In 2002, researchers at the American Medical Student Association conducted a survey of a national sample of first- and fourth-year medical students that revealed that a majority believe that the U.S. health care system treats people unfairly based on their racial or ethnic background, insurance status, income and native language.
The survey asked students about their knowledge and attitudes about health care delivery and problems with access to health care, including those related to race and ethnicity.
The American Medical Student Association is the oldest and largest independent association of physicians-in-training in the United States.
The researchers reported these findings and others in posters presented by principal investigator Huebner at the 2003 American Medical Student Association Convention:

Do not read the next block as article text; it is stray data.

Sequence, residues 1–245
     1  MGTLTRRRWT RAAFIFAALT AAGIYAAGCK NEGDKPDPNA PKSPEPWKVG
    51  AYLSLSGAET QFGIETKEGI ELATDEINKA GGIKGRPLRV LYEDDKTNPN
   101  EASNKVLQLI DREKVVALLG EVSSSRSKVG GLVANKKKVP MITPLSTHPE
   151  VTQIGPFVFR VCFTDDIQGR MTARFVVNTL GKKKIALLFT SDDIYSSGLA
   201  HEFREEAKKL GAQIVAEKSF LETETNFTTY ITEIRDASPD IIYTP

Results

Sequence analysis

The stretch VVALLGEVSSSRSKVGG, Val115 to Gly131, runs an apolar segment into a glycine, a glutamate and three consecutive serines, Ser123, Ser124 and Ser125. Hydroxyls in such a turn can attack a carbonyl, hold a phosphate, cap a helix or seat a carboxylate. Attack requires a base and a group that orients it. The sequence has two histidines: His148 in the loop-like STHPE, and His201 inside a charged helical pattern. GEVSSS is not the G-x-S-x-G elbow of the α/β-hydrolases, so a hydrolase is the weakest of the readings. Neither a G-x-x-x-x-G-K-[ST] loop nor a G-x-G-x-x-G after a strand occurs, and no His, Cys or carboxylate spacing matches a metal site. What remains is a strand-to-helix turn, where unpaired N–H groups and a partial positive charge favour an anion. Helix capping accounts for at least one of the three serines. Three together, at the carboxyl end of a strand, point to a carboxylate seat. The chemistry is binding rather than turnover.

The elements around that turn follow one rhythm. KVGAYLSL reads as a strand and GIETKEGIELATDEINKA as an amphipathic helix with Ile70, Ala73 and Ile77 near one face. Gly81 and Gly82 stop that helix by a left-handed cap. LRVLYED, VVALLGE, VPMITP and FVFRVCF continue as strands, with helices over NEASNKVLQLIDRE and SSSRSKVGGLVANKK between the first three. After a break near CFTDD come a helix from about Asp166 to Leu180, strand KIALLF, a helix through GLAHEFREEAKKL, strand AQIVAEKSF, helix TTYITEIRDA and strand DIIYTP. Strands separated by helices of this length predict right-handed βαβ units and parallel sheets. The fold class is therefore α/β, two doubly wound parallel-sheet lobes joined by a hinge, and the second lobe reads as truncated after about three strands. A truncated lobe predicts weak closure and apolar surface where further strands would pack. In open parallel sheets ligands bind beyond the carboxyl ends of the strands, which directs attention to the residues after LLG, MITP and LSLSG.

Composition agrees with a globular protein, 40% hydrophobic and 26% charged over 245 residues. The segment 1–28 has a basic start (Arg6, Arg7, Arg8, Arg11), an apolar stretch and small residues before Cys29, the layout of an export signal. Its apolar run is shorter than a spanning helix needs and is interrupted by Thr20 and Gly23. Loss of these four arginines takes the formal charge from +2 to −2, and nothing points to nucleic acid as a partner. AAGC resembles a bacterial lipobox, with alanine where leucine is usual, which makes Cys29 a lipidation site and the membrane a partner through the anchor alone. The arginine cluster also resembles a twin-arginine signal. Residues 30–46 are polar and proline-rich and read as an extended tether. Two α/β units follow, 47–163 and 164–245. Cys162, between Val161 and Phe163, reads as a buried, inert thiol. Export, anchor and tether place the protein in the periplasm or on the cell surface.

Majorities of both first and fourth-year students believe that the U.S. health care system treats people unfairly based on their:
- Racial or ethnic background (59.7% of first-year and 50.5% of fourth-year students).
- Insurance status (84.7% of first-years and 76.9% of fourth-years).
- Income (77.4% of first-years and 60.5% of fourth-years).
- Native language (80.7% of first-years and 72.2% of fourth-years).
A majority (50.3%) of first-year medical students believes that racial and ethnic background affects an individual's ability to get routine medical care, but only 39.9 percent of fourth-year students agree.
Nearly 90 percent of both first and fourth-year students believe that health care is a right.